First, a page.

The Riggers and Decorators are the same unions that earlier this year successfully quashed labor reform legislation drafted by the Metropolitan Pier and Exposition Authority (MPEA) in Chicago, which manages McCormick Place and Navy Pier. (See "Chicago Labor Legislation Faces Uphill Battle," February issue, page 11.) Local press reports suggest that the unions offered Rosemont the concessions in an effort to further undermine the bill, by demonstrating that legislation is not necessary for reform.

"We've got the bill on life support," declares Tommy Thomas, president, Decorators Local 17. But, he adds, blocking the bill was not the only reason to make a deal with Rosemont. "The number-one reason is the customers," Thomas says. Even though the two unions oppose the legislation, they do favor reform, Thomas insists. "We've been trying to get an agreement for our customers at McCormick for two years. We went to Rosemont, met with the mayor, and accomplished this [agreement] in two hours."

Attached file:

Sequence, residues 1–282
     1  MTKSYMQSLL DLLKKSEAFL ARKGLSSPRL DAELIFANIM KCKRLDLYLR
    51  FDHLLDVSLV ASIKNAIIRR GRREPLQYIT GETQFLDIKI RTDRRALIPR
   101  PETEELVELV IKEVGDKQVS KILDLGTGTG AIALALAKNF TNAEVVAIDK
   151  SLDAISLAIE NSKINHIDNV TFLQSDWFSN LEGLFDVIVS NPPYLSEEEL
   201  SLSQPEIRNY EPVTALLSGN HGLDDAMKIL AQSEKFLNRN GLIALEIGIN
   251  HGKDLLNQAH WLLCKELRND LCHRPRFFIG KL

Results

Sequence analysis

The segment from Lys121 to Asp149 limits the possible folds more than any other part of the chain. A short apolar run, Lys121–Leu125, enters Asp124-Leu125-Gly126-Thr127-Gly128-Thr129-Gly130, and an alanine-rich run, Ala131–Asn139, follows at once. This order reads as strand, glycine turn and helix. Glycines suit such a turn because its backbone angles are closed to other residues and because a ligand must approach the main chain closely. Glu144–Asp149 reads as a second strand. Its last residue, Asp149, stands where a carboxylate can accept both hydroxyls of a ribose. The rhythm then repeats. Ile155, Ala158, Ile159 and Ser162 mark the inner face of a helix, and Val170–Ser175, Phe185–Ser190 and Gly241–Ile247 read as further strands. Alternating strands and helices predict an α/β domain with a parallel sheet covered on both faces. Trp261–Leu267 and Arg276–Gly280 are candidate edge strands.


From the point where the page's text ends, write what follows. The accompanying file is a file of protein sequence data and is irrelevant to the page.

But those concessions are not nearly enough to satisfy MPEA, counters John Devona, senior director, marketing MPEA. "[The Rosemont agreement] does not address the issues which our clients say are most important," he says. Five unions still have jurisdiction in Chicago, more than in any other city. The legislation would have consolidated four of the unions into two groups.

Secondly, says Devona, "[the agreement] takes a small step, but not a dramatic step, toward improving the overtime situation. It does not go, in our opinion, nearly as far as our customers want."

The MPEA has tabled the reform bill for now, Devona concedes, because legislators asked the Authority to try to address the labor problems through negotiations with the unions, rather than through legislation.

Currently, MPEA, the unions, and the general contractors are holding meetings, but no one is commenting on the negotiation details, as there is a media blackout.

Asked about their progress, Devona said, "I can't predict a time period [as to when an agreement might be reached]. If we can't reach a voluntary agreement, we will revisit the legislative solutions. We have not in any way given up. We are still confident there will be improvements."